Monday, October 12, 2015

A day at Schonbrunn Palace, Vienna

First stop of the day 2 in Vienna was Schonbrunn Palace. Vienna has lots of nice palaces (Hofburg and Belvedere to name a few) but we didn't have time to visit all, so I chose the one that came most recommended. I again booked the tickets well in advance at which was very useful as the ticket queue was fairly long when we reached the venue.

Palace Facade
Schönbrunn Palace, the former summer residence of the imperial family, is one of Europe's most impressive Baroque palace complexes. It has 1441 rooms and gardens extending for 1.2 km from east to west and 1 km from north to south. Both the palace and gardens were placed together on the UNESCO list of World Heritage Sites in 1996.

We had opted for the Grand Tour that in addition to the state rooms and private apartments of the imperial couple allows access to the precious 18th-century interiors from the time of Maria Theresia - all in all 40 rooms. The rooms, shown to the public, are mostly decorated in Rococo style. Most of the walls and ceilings are covered with white-lacquered surfaces with ornamentation covered with gold leaf.

Bohemian crystal chandeliers and white porcelain tile stoves are also part of the harmonious design. The living quarters and offices used by Emperor Francis Joseph are simple and very unpretentious; by contrast, the state rooms and guestrooms are much more lavish. And of course there is a Hall of Mirrors, where in 1772, six-year-old child prodigy Wolfgang Amadeus Mozart gave a concert. Photography is not permitted inside most of the rooms and so absorbed was in the beauty of it all, that I decided it's better to soak it in than click pictures.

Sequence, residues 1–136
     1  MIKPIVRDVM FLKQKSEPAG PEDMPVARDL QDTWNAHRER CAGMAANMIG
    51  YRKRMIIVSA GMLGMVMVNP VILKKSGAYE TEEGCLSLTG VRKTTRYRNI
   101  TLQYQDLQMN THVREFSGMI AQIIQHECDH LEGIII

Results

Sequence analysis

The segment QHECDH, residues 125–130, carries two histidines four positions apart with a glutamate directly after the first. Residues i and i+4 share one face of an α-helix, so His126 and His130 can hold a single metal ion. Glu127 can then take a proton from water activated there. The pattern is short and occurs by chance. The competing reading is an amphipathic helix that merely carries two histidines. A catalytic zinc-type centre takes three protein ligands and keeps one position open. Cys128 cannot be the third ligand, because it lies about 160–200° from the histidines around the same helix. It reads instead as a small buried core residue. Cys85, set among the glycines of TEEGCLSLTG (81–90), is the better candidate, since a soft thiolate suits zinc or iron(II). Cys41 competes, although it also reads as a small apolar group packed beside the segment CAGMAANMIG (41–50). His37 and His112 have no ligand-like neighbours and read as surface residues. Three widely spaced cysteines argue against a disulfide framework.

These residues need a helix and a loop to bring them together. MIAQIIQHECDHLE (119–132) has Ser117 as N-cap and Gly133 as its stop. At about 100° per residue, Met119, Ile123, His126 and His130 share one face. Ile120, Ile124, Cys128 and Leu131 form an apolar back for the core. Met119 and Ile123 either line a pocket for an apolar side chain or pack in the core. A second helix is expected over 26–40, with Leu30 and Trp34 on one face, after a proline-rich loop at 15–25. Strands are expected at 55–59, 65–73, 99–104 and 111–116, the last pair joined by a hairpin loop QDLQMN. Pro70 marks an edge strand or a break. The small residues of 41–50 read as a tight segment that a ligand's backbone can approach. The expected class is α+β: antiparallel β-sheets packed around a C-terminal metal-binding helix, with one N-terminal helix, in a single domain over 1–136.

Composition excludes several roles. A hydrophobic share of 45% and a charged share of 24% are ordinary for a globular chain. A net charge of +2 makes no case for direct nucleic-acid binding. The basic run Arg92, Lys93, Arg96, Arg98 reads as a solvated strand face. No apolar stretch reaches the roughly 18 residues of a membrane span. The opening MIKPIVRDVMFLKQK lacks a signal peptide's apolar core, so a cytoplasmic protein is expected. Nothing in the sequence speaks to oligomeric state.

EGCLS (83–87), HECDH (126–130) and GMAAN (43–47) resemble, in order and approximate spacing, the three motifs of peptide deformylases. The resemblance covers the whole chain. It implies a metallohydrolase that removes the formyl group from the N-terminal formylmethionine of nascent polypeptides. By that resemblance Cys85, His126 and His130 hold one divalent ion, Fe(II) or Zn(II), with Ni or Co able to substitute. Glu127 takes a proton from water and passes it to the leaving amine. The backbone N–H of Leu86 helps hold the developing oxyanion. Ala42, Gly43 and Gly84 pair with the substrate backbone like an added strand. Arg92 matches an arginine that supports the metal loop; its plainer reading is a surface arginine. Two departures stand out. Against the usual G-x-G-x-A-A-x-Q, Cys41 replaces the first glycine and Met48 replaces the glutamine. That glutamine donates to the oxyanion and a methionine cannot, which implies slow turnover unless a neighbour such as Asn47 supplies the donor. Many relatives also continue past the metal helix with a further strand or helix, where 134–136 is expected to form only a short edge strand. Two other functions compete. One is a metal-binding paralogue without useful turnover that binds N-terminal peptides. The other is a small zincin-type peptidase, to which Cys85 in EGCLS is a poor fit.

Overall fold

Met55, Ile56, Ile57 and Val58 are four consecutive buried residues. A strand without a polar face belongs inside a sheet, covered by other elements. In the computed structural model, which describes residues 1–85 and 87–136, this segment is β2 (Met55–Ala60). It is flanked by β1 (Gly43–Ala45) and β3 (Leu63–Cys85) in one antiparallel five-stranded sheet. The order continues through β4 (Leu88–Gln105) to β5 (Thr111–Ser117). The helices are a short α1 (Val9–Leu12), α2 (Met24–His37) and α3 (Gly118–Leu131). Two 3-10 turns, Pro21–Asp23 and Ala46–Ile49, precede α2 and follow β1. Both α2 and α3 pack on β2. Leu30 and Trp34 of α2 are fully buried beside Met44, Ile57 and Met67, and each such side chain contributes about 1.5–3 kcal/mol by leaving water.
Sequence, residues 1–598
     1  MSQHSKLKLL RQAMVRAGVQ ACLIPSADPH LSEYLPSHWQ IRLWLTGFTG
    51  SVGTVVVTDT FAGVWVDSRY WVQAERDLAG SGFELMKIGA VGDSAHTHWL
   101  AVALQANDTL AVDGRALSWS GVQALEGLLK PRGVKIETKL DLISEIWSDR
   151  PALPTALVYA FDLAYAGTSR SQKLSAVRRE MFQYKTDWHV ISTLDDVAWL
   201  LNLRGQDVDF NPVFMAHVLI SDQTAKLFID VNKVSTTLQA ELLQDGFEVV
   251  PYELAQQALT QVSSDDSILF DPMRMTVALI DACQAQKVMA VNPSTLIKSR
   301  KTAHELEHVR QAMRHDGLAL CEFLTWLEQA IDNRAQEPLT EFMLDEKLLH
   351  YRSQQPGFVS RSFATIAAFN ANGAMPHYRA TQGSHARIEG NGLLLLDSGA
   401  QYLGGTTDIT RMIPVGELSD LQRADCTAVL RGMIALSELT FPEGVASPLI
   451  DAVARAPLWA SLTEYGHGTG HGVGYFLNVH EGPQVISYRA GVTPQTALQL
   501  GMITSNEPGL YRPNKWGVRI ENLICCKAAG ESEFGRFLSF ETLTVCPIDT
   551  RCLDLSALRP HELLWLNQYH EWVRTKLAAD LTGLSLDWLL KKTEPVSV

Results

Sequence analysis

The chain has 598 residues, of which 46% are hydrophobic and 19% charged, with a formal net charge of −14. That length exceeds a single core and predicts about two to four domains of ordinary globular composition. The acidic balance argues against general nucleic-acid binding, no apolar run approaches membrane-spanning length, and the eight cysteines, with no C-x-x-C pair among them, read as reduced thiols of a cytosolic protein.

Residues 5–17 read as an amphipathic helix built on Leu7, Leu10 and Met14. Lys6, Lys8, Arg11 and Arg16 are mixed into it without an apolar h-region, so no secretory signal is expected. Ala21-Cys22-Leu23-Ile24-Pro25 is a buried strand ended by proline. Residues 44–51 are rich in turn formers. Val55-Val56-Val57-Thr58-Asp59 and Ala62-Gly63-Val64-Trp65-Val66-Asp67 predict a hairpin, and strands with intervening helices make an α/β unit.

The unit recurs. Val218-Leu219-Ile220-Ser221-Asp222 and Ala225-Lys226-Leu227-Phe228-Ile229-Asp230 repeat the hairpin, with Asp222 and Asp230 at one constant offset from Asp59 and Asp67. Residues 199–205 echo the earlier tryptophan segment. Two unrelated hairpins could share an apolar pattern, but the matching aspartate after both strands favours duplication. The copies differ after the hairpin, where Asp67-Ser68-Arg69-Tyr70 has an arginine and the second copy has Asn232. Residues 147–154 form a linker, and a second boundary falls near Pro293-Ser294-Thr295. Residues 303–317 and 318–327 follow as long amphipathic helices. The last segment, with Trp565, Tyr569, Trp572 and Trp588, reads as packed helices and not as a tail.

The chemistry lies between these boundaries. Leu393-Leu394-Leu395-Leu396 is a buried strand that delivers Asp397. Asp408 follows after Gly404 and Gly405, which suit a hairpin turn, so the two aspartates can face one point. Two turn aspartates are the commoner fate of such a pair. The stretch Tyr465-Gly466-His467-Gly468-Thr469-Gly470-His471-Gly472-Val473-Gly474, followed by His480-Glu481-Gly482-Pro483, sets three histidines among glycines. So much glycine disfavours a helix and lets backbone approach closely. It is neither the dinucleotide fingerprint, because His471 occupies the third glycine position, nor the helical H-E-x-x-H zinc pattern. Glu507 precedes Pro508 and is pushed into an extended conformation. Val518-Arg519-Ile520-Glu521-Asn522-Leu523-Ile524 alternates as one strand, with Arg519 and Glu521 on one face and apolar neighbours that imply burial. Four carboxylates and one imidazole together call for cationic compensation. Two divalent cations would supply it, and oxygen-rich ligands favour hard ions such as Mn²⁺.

By the time we were finished with the Grand Tour, it was almost noon and the sun was almost at its peak - honestly not the best time to the visit the one square km garden. But since the palace and its grounds form a unit and reflect each other, the visit would have been incomplete without visiting the gardens. 
Water ponds in the Garden

As expected the gardens are really beautiful. There are French Gardens called the Great Parterre which also contain a 630 m long maze in a classic hedge design. Adjoining this is the labyrinth, a playground with games, climbing equipment and a giant mirror kaleidoscope.

The Gardens also have a zoo, an Orangerie, palm house and a botanical garden. But we were more interested in exploring the Gloriette (a building in a garden erected on a site that is elevated with respect to the surroundings). The Gloriette at Schonbrunn is on a hill at a height of 200 ft and houses a café and an observation deck, which provides panoramic views of the city.

Sun Fountain

As we left the labyrinth for the Gloriette, first stop on our was was the original Schöner Brunnen fountain, from which the palace gained its name. It pours through the stone pitcher of a nymph near the Roman ruins.

View of palace as one moves towards Gloriette

Life saver on  that hot day!
It was quite a walk to the Gloriette as it was a very hot afternoon and uphill walk is never easy. But the cold beer at the Cafe turned out to be a perfect reward at the end of the walk. 

View of Palace & City from Gloriette

After spending a good part of the hour at the cafe, we stepped out to enjoy the view. The view from the Gloriette, looking back towards the palace with Vienna shimmering in the distance was simply amazing!
View of Gloriette back from the palace

After a while we slowly made our way back to the palace, trying to walk in shade wherever we could find some. I wanted to visit the Orangerie and the zoo but the sizzling temperatures were to tough to handle and we decided to skip the same and boarded the subway back to the city. 

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